My Medical Trip at Cape Coast, Ghana

Contributor: Jackie Han

A Life-changing Trip

I will never forget August of 2019. I left Toronto alone and crossed three continents in two days — the Americas, Europe, and finally, Africa. Arriving in the town of Cape Coast in Ghana, after a bumpy four-hour ride from the capital Accra, my group and I embarked on a three-week international medical volunteer project.

In local villages, we set up tents to test and collect data on the health conditions of residents. I organized them into lines and recorded data like blood pressure, age, gender, body temperature, as well as the presence of HIV, hepatitis B, and diabetes. Simultaneously, I also made sure that all villagers were thoroughly informed to visit the hospital for timely vaccines. Over the three weeks, I collected data from almost a thousand people and it was simply heartwarming to see the smiles on their faces from our volunteerism. During my time at the Cape Coast Hospital, I was assigned to the pediatrics and birthing units, helping the doctors and nurses with some basic care of new infants while simultaneously gaining an invaluable appreciation of how different the local healthcare system was.

Most notably, we also went to several leprosy camps and witnessed the oldest pandemic in the world. I treated some extremely gruesome wounds by hand. The wounds were unimaginably grotesque. For instance, when the old bandages and gauzes of a certain patient were removed, I saw fluids leaking out of an abnormally shaped leg (the sequelae of leprosy deforms limbs and bloody wounds). Having caught sight of the unfortunate injury, I clearly remember that a Dutch girl in our group fainted on my shoulders. Another volunteer turned his head and vomited. We couldn’t believe we had to treat this level of wound. At first, it turned out to be a great challenge, but I soon became quite skillful. There was a procedure to follow, and it was extremely difficult to not only get the process right but also to conquer the visuals of the wound in my mind in order to move my frozen hands...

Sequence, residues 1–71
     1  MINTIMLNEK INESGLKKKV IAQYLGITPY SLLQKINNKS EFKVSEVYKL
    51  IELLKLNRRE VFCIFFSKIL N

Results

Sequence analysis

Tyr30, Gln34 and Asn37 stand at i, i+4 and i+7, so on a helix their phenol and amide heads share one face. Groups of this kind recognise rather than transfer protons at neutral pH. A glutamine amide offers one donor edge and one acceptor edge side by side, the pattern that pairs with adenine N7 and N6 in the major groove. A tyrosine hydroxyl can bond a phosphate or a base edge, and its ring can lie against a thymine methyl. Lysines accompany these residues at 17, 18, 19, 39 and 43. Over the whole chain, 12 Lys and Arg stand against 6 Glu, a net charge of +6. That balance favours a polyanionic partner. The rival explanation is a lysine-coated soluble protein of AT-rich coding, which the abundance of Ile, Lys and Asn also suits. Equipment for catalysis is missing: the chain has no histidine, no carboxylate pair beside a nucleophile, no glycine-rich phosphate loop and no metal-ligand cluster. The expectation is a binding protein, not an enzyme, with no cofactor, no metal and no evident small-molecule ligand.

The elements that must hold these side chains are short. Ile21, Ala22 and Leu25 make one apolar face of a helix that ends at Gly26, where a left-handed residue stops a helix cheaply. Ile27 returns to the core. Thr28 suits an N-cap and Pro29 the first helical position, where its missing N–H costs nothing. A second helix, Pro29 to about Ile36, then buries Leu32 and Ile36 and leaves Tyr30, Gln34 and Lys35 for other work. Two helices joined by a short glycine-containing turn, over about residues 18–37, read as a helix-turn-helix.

One specific event that really moved me was when a little boy came over as a leprosy patient. I remember the only broken English that he could stammer was, “help me, it hurts”... I teared up after that. Perhaps it will not sound touching on paper, but as I write, that moment is engraved in my memory as if it has just happened. The experience made me realize that there are still diseases impacting the world that I preconceived as eradicated. The lack of proper medical facilities and the Cape Coast’s local population’s need for medical care deeply motivated me to do something for them. This thought has continuously intensified my ambition of making a change...

I’ve come to the realization that the world requires more understanding and empathy and that knowledge should be transformed into an altruistic force. My unforgettable experience in Ghana and the sudden explosion of the COVID-19 pandemic after the trip made me wonder: while technology has even allowed us to explore Mars, there are still endless unsolved mysteries encompassing our physical bodies. Our understanding of "science" must shift— it needs to synergize with compassion.